Wed, Aug 23, 2006 - Page 1 News List

Lucky number plate? Not for this ASS

By Mo Yan-chih  /  STAFF REPORTER

Taipei City councilors yesterday hold up license plates with combinations of letters that spell English words as independent Taipei City Councilor Tim Chang, right, demands that the Taipei City Government stop issuing such license plates.


As if people in Taiwan didn't have enough to worry about, what with daily doses of bitter political intrigue and a hostile authoritarian power on their doorstep, a new problem was exposed yesterday: their license plates have turned against them.

Although many motorists in Taiwan go to great lengths to personalize their license plates by choosing lucky numbers, if they are not familiar with English, they can't avoid the bad luck of having inauspicious alphabetic combinations, such as "ASS," "DIE" or "DOA."

License plates in Taiwan are made up of two alphabetic letters and four digits for cars, while license plates on scooters have three letters and three digits.

Drivers and motorists tend to avoid combinations ending in the unlucky number four (si, 四), which sounds similar to "death" (si, 死) in Mandarin, and prefer lucky number combinations using eight (ba, 八), which rhymes with wealth (fa, 發).

However, an independent Taipei City councilor yesterday took the city's Department of Transportation to task for failing to address an equally weighty issue: unseemly combinations of alphabetic characters on many license plates.

"The meanings of some English letters on these license plates are insulting, ill-omened or funny. Drivers are making an ass of themselves by driving cars with such license plates," independent Taipei City Councilor Tim Chang (常中天) said at the Taipei City Council, during a question-and-answer session with the department.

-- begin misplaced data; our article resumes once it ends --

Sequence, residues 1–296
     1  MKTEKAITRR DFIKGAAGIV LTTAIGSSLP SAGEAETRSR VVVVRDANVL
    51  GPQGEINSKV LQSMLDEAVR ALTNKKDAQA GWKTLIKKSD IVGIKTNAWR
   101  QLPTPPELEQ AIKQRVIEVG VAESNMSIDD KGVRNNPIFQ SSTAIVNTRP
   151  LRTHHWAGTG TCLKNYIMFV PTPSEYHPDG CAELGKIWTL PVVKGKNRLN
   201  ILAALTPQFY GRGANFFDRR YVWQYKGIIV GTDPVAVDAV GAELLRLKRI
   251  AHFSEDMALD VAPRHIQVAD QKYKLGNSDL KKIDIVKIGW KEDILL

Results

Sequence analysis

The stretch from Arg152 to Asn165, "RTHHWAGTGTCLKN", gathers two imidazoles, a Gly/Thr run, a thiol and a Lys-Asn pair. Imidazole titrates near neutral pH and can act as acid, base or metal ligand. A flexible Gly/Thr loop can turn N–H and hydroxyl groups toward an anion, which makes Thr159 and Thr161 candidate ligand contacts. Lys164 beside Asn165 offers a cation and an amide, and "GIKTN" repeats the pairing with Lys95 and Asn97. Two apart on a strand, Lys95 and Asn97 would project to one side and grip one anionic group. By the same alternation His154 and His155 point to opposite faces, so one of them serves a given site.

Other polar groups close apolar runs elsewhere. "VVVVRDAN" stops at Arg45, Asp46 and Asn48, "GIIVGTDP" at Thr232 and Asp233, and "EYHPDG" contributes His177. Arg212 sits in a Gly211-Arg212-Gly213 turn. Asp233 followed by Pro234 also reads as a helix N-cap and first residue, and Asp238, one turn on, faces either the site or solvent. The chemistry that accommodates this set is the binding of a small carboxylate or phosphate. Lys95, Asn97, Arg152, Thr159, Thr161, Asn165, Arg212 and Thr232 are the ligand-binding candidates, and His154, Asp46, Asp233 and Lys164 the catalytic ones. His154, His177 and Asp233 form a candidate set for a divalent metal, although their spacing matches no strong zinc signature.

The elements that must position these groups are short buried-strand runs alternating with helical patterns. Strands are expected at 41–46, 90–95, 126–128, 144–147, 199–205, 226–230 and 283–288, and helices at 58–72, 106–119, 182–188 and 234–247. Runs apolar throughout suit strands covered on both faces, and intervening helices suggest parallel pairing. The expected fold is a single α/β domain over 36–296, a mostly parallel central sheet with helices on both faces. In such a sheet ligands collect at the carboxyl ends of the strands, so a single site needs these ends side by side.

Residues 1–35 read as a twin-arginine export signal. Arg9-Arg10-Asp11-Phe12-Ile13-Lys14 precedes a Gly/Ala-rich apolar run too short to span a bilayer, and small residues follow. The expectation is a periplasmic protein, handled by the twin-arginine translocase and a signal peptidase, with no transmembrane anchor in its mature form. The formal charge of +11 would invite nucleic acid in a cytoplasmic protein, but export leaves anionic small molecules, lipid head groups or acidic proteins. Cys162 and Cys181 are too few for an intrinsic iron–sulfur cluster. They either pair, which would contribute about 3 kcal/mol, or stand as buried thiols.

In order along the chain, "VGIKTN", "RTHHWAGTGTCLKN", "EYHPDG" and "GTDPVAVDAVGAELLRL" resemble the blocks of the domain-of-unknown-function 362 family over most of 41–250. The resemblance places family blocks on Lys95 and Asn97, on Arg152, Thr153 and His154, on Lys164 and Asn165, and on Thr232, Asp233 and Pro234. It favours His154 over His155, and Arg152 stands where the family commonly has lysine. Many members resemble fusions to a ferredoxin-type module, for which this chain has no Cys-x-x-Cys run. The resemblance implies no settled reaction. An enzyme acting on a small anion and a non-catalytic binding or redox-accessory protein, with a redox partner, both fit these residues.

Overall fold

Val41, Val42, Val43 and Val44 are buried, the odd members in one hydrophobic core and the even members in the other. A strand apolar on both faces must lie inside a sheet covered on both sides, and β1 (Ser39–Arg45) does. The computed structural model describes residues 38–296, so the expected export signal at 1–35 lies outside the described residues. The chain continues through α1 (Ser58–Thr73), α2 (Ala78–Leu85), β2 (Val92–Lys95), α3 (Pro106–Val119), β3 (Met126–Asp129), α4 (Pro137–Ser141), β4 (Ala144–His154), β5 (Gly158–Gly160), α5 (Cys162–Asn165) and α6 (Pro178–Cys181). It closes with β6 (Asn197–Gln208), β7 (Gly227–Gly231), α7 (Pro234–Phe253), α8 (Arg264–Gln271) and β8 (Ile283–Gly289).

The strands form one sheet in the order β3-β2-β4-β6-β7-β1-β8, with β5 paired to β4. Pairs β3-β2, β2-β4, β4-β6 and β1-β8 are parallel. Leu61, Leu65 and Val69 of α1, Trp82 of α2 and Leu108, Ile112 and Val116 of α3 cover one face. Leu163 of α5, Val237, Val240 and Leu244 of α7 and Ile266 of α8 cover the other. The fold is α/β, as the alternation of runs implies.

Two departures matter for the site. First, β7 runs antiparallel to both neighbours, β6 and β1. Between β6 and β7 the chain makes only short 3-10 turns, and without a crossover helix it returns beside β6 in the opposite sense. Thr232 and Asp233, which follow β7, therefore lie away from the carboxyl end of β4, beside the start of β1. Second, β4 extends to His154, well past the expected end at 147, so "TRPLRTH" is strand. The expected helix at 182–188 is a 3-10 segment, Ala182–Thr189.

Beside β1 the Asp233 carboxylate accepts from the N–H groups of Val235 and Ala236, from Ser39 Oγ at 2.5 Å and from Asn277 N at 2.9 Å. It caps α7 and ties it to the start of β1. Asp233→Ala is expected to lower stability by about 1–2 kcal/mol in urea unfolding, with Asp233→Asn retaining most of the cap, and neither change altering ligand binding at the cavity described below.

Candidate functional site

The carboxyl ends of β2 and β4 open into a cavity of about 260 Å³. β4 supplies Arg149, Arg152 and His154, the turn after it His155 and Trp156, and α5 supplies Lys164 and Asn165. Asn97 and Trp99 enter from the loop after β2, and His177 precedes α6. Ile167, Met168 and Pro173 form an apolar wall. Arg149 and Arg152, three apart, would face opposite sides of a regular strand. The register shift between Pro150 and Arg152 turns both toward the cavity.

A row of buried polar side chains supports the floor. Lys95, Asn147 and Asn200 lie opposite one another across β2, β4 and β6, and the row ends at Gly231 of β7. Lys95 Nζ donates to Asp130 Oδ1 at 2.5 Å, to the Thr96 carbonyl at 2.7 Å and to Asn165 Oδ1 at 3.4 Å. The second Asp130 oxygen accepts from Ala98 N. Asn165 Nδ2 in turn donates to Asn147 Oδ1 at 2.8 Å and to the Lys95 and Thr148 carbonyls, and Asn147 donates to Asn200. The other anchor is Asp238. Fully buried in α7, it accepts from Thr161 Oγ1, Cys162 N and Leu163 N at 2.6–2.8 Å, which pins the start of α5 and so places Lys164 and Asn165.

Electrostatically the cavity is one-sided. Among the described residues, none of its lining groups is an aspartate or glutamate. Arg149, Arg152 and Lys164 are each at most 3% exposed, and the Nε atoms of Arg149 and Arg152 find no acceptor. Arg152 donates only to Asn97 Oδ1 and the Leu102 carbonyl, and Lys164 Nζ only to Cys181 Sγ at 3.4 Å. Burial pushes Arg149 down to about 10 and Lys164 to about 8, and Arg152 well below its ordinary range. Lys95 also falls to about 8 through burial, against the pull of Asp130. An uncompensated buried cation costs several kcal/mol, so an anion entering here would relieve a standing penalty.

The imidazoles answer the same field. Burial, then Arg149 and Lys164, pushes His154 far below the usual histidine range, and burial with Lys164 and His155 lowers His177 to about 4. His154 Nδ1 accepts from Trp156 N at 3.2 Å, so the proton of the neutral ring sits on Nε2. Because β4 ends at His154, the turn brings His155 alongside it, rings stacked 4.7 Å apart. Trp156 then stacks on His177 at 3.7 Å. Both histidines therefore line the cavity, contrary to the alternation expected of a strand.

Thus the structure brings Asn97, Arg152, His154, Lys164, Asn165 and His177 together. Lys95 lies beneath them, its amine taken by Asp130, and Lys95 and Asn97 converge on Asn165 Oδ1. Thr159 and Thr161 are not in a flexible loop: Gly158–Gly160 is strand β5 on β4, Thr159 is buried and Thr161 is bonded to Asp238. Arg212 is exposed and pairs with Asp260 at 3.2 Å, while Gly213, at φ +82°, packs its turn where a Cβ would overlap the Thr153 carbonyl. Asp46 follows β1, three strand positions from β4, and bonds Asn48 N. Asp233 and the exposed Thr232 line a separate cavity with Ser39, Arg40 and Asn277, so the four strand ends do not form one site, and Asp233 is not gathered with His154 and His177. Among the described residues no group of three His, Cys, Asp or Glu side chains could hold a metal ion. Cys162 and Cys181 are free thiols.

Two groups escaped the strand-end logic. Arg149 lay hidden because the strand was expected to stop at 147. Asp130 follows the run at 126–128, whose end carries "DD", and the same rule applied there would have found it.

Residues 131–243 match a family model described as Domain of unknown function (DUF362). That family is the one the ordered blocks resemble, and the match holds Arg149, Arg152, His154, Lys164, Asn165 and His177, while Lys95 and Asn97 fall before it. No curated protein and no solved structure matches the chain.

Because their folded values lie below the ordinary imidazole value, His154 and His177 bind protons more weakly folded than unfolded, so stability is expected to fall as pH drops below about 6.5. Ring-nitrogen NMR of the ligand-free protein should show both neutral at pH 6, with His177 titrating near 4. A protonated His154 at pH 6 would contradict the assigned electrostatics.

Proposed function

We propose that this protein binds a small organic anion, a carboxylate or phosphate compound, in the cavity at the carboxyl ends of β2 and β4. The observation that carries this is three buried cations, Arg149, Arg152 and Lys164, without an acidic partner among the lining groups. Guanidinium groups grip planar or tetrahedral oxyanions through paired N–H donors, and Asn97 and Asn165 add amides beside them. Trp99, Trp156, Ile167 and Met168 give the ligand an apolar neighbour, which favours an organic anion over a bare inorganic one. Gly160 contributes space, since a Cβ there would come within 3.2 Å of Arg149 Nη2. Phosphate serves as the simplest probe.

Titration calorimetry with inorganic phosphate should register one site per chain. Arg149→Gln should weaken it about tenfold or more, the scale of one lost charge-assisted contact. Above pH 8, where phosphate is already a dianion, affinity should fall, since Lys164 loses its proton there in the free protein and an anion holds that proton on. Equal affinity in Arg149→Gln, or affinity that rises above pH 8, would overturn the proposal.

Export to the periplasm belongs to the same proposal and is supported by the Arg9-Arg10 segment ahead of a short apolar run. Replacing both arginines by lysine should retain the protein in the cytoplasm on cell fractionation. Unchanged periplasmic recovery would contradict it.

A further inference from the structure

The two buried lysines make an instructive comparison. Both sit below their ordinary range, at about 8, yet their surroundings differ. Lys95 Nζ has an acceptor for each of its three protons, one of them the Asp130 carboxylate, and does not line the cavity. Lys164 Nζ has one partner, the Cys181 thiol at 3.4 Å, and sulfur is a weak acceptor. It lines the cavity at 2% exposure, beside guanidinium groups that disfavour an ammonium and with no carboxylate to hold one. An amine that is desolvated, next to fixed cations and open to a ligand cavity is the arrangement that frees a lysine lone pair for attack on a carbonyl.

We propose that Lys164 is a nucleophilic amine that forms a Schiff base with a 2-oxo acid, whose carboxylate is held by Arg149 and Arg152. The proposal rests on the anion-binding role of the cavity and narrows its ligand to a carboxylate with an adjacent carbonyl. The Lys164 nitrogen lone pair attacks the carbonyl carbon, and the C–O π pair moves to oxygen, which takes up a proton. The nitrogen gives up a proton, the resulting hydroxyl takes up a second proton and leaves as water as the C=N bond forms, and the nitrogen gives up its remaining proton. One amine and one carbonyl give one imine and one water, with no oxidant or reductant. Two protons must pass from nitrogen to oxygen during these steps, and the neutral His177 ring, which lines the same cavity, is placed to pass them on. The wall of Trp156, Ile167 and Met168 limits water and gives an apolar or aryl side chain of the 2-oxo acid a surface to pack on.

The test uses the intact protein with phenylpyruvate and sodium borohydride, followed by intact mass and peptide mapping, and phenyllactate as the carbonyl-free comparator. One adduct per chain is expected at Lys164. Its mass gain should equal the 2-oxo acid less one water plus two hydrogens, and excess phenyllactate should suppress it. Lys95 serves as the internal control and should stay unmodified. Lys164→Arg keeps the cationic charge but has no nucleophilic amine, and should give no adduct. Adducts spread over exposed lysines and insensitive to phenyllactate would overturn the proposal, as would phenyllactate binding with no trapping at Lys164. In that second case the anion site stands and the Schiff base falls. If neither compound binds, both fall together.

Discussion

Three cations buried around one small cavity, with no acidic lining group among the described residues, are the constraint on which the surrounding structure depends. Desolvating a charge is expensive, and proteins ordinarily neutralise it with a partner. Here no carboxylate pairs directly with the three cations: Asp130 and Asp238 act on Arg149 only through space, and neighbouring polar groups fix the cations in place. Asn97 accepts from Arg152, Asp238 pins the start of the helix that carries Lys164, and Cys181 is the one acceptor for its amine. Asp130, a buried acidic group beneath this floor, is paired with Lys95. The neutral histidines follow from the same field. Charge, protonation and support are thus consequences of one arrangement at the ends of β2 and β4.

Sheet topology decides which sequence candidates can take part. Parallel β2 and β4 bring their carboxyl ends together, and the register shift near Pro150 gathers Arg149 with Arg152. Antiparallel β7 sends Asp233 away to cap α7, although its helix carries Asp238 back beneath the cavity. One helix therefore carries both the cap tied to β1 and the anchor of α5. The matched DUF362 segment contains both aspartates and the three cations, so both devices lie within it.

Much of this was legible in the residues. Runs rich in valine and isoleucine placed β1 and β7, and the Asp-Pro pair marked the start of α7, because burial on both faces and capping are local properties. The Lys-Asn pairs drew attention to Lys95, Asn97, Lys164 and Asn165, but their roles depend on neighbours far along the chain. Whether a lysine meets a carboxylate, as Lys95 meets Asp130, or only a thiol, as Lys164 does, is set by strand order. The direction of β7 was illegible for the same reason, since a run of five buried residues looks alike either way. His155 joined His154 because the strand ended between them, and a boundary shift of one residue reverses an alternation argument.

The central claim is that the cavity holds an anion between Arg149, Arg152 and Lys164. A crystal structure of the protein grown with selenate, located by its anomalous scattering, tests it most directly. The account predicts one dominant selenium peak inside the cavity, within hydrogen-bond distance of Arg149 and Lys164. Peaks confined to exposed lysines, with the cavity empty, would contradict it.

During his speech, Chang asked officials from the department to hold mock license plates he had prepared. Officials stood in front of the news cameras holding license plates reading "ASS," "BS," "BUM," "BRA" and "PIG."

"Do you know what `BS' means in English?" Chang asked department Deputy Commissioner Lin Li-yu (林麗玉), who had chosen to hold one of the cards.

"It's an abbreviation for `bullshit,'" Chang told her.

According to Chang, there are more than 500 Taipei motorists who have the inauspicious alphabetic letters "DOA" (dead on arrival) on their license plates, while at least 50 motorists are riding around with license plates inscribed with "DIE."

He urged the department to either allow motorists to change their license plates, or to sift out combinations that would have unpleasant or strange meanings in advance.

Department Commissioner Jason Lin (林志盈) said drivers or motorists could change their license plates, which cost NT$1,250 for a random selection of another set of alphabetic letters and digits. Personalizing license plates would cost at least NT$3,000.

"We suggest that the central government screen the alphabetic letters in advance. But it's up to the government to decide, since it is responsible for manufacturing and distributing the plates," he said.

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